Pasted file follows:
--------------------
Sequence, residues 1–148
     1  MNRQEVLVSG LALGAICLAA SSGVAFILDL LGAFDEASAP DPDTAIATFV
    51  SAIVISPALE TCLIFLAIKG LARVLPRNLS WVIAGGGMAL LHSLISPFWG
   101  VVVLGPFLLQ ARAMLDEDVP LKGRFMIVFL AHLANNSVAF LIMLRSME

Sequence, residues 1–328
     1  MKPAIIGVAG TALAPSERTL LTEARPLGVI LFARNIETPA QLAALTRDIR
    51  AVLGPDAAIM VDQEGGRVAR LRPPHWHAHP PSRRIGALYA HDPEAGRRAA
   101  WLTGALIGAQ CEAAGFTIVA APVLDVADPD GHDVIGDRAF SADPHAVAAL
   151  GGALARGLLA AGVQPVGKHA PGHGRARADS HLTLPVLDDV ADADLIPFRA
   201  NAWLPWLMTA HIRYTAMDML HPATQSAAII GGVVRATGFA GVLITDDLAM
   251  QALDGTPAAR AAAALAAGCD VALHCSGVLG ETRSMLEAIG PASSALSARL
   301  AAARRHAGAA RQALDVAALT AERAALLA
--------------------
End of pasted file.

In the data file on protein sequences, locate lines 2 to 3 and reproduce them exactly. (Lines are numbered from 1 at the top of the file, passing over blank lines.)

     1  MNRQEVLVSG LALGAICLAA SSGVAFILDL LGAFDEASAP DPDTAIATFV
    51  SAIVISPALE TCLIFLAIKG LARVLPRNLS WVIAGGGMAL LHSLISPFWG